“Fire, in general, has been on this landscape for millennia and it’ll continue to be on the landscape. Because of fire suppression, we’ve altered what that looks like,” said Ben Newburn, a fire management officer with the Forest Service’s Intermountain Region office in Ogden. ”Through prescribed fire, we can try to get back to fire regimes in the landscape, in a more historically representative way. And it is one of the more cost-effective methods of treating fuels. We can treat much broader landscapes and we can do it in a way that mimics the natural process.”
Of the three Utah forests developing forest-wide burn plans, the Fishlake was the first to complete its environmental assessment, posted on Oct. 20. Elson’s hope is to cut through the bureaucracy by getting the analysis done all at once, so specific projects are ready to roll when the weather conditions are right and the resources are available.
“Rather than doing the same thing over and over again at a really small scale,” Elson asks, “why don’t we do it at a scale that then allows us to actually focus on getting the work done on the ground as opposed to just focusing on doing paperwork and meetings?”
The Fishlake plans to burn up to 40,000 acres a year for 25 years, treating 1 million of that forest’s 1.5 million acres with prescribed fire and mechanical work. That would represent a 10-fold increase in the Fishlake’s current pace of deliberate burning. The public is invited to submit comments through Nov. 19, either by mail or online.
Other Utah forests’ targets are even more ambitious. The Manti-La Sal National Forest plans to treat up to 48,000 acres a year across 1.2 million acres. This 1.4-million-acre forest covers the Wasatch Plateau east of Ephraim and the Abajo and La Sal ranges near Moab. That proposal does not consider using prescribed fire on certain sensitive lands, including Bears Ears National Monument, designated wilderness, alpine areas and sage grouse habitat.
In southern Utah, the Dixie National Forest aims to treat up to 52,000 acres a year across 1.8 million of its 2 million acres. The public is invited to comment on Dixie’s scoping notice through Nov. 17.
“What we don’t want is all 1 million acres to burn one hot summer. We want to burn it in manageable chunks that don’t devastate whole watersheds so that you have gulleys washing out and cities losing their water supply,” Elson says. “So it’s really a balance that we’re trying to find in terms of how big and when and under what conditions.”
Acreage targets are not arbitrary but are based on historic burn intervals recorded in the growth ring of old trees.
“In some areas, it might be every 10 years, some areas might be every 100 years,” Elson says. “You add all that up and you do the math, we need to be treating between 40,000 and 120,00 acres every year to mimic that natural level of disturbance.”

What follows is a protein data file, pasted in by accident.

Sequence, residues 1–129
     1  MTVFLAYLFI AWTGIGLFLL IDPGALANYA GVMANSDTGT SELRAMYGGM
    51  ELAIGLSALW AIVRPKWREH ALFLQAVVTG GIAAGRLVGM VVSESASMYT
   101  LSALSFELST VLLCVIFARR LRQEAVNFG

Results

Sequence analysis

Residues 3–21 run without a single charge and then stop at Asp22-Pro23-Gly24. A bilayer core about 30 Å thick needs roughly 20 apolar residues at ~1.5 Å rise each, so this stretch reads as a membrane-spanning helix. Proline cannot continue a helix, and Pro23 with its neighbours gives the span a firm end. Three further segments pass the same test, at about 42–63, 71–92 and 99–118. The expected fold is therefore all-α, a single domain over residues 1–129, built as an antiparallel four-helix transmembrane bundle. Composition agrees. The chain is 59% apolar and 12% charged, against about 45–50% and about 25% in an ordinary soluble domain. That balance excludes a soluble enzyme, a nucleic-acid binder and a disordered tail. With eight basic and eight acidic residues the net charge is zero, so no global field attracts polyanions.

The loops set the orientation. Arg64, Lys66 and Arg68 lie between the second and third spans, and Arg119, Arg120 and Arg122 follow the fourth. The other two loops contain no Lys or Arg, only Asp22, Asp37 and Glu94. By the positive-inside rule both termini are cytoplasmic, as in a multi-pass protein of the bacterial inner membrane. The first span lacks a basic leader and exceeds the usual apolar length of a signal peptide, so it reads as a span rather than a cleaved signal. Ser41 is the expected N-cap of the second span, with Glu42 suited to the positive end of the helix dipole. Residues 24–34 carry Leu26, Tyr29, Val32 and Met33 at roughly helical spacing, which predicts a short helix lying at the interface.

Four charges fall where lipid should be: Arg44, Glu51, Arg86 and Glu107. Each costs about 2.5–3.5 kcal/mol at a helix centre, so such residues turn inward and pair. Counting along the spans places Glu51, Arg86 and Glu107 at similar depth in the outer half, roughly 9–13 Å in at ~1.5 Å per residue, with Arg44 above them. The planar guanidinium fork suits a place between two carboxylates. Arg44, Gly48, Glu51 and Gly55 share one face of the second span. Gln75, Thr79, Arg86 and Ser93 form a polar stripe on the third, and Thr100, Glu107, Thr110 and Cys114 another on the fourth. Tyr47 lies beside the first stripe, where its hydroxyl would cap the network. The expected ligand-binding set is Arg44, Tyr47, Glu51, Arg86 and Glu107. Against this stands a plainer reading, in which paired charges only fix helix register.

To illustrate the point, Kling points to data extracted from a ponderosa pine that started growing in 1583. Its rings reveal charring, evidence of wildfire, in eight instances through 1788. On average, about 24 years passed between burns over the tree’s first 200 years of life, but then the rings showed no evidence of fire for the next 233 years, a period coinciding with the arrival of explorers and settlers in the West.
“Fire was much more frequent on the landscape, pre-European settlement versus post-European settlement,” says Kling.
A warming and drying climate has further primed Western forests for megafires that are driven by extreme weather events, putting communities at risk and leaving landscapes charred beyond recognition. Meanwhile, beetle infestations, abetted by warm winters, have killed large swaths of forests across Utah, notably in the western Uinta Mountains and the Wasatch and Markagunt plateaus.
Many academic and agency ecologists see the deliberate reintroduction of fire as a viable pathway out of this mess.
“It creates great habitat, keeps the carbon in the forest,” said ecologist Chad Hanson of the John Muir Project. While he endorses prescribed fire, he prefers to see the Forest Service harness naturally ignited fires, as opposed to setting them off artificially, especially outside the normal fire season.
“You really don’t get the natural ecological mix of conditions and natural heterogeneity with a human-set prescribe power as you do with a prescribed natural fire,” says Hanson, co-author of a book titled “Nature’s Phoenix: The ecological importance of mixed severity fires.” “And so it doesn’t really mimic the same thing. That doesn’t mean there’s not a time and place for human-set prescribed fire.”